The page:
Theatre directors will absolutely insist you know all the lines off by heart and you have to work nights. The money’s not nearly as good as the movies either, but they’ve got you by the short and curlies and you pretty much have to take whatever crumbs fall from the table. It’s either that or television. I still remember when Sam Peckinpah fired me from The Wild Bunch because I swore at Ernie Borgnine and I was forced to do a play to clear my bar tab at the Garrick. It was one of those Shakespeare jobbies, all thee-this, thou-that, and forsooth-the-other; so naturally I assumed it was Hamlet and rolled on to stage for my big entrance only to find it was King Lear

The whole thing had the potential to go tits up, but I’d spent an entire afternoon trying to learn the words and I was determined to have a go. 
In the end the critics were not very kind, but they didn’t hold a grudge and gave me a Tony to make up for it. At the ceremony I dedicated the award to Van Heflin after he bet me $20 I wouldn’t get the word ‘flange’ into my acceptance speech. 
But that’s another story…

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HOLLYWOOD – Sir Edwin Fluffer returns just in time to cast his gimlet eye over the dream factory of Hollywood, turning his attention specifically to the figure insiders call ‘the pointy arse’: the Director.

Of course, many actors will tell you that what they really want to do is direct, and some of them are jolly good at it too: The Cable Guy by dear little Benny Stiller has got to be one of my favourite movies of all time! I never once imagined that I’d end up behind the megaphone myself, but when the chance came I seized it with both hands. The fee was simply huge, and having appeared in several of Bobby Altman’s films I thought it would be money for old rope and I was right.
Some people have written entire books to explain their theories about how directors work, but it really is quite simple. All you need is an attractive young lady in a nice frock, turn the lights on so everyone can see her, and that’s it! You really can’t go too far wrong. 

I was fortunate to have the divine Jane Fonda as my leading lady, and she was good enough to wear her own clothes, so that helped ease the pressure on the budget that I’d accidentally spent entirely on champagne. We managed to film the whole thing in a single morning which was quite fortunate as I was meeting Jessica Tandy for lunch and neither of us were fit for anything once we got on the brandy.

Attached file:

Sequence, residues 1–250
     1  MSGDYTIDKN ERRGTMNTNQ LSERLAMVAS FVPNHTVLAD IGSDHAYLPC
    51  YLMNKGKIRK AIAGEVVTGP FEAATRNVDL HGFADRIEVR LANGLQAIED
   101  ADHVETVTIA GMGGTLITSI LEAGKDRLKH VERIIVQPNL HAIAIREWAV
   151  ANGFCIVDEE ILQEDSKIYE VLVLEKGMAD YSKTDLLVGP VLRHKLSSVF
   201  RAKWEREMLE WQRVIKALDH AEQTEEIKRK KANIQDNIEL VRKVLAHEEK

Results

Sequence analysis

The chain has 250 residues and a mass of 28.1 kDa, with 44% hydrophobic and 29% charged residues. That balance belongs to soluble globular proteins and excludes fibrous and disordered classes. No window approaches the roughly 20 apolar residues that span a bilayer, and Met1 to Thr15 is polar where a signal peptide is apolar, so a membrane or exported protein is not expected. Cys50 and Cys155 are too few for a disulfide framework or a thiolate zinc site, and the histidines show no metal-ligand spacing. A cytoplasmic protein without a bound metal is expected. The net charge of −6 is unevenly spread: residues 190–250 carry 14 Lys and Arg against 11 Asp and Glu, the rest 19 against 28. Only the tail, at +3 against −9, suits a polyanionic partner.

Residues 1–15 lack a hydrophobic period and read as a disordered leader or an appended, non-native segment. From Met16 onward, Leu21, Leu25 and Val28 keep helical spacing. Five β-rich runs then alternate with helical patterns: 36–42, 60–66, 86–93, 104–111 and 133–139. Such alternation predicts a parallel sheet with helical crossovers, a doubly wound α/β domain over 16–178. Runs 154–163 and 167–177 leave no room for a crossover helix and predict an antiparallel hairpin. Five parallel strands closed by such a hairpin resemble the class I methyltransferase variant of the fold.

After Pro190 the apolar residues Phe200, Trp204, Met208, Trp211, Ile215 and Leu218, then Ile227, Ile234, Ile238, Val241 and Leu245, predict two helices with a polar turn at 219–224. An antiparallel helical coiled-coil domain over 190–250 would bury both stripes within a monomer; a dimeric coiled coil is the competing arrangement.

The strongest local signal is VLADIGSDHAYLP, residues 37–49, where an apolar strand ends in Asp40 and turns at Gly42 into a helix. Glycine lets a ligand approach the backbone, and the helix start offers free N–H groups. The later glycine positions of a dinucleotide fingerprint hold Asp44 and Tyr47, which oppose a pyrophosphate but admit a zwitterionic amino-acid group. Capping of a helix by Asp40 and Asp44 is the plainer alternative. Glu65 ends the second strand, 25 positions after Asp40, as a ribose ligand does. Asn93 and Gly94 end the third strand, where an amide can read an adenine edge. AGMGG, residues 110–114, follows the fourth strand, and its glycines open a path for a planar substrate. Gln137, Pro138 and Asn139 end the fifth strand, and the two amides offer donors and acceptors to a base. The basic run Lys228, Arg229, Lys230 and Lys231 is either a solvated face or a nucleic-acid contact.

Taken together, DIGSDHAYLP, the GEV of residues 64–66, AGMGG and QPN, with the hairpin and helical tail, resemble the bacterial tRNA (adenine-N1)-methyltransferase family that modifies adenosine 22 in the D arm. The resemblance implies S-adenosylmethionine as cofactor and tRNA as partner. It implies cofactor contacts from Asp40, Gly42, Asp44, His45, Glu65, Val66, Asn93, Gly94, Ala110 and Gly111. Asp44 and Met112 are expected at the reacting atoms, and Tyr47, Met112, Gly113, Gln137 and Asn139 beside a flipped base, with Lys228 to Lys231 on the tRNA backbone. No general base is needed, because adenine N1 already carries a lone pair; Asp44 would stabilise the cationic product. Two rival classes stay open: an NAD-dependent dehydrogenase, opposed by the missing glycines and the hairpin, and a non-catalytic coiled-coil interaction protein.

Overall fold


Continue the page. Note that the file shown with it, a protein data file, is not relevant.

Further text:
We allowed a good half an hour for editing and post production, and I sent my tuxedo off to the dry cleaners ready for a star studded premiere followed by drinks and a game of Twister. To this day it remains a great sadness that we were never able to find a distributor with the foresight and vision to risk their shirt on a theatrical release, but when it went straight to video Jane Fonda’s Workout was the most enormous success. We did talk about a sequel, but sadly nothing ever came of it. The idea was that Jane Fonda’s Leotard League would see her team up with Diane Keaton and the one out of The Golden Girls who I thought was a bloke, to play a crack squad of crime fighting aerobics instructors.
But that’s another story…

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HOLLYWOOD – Sir Edwin Fluffer returns just in time to cast his gimlet eye over the dream factory of Hollywood, turning his attention specifically to what insiders call the ‘Big Fat Arse’: Marlon Brando.

Of all the neighbours I’ve had in the Hollywood hills the worst was undoubtedly Marlon Brando. It wasn’t the noise from his late night parties or continually having to return his ball after he kicked it over the hedge. What did for my nerves was that blessed lawnmower.

Brando was richer than a Roman Emperor, but I’ll tell you this now: he’d skin a fart to save a penny. Of course it was Chaplin who introduced the ride on mower to California, and by the weekend we all had one. Even Carole Lombard got one and she only had a patio! 

But Brando insisted on still mowing his lawn with some old piece of junk he’d found in a skip. His estate must’ve run to several hundred acres and it’d take him weeks to cut it. Once he’d finished it was time to start all over again!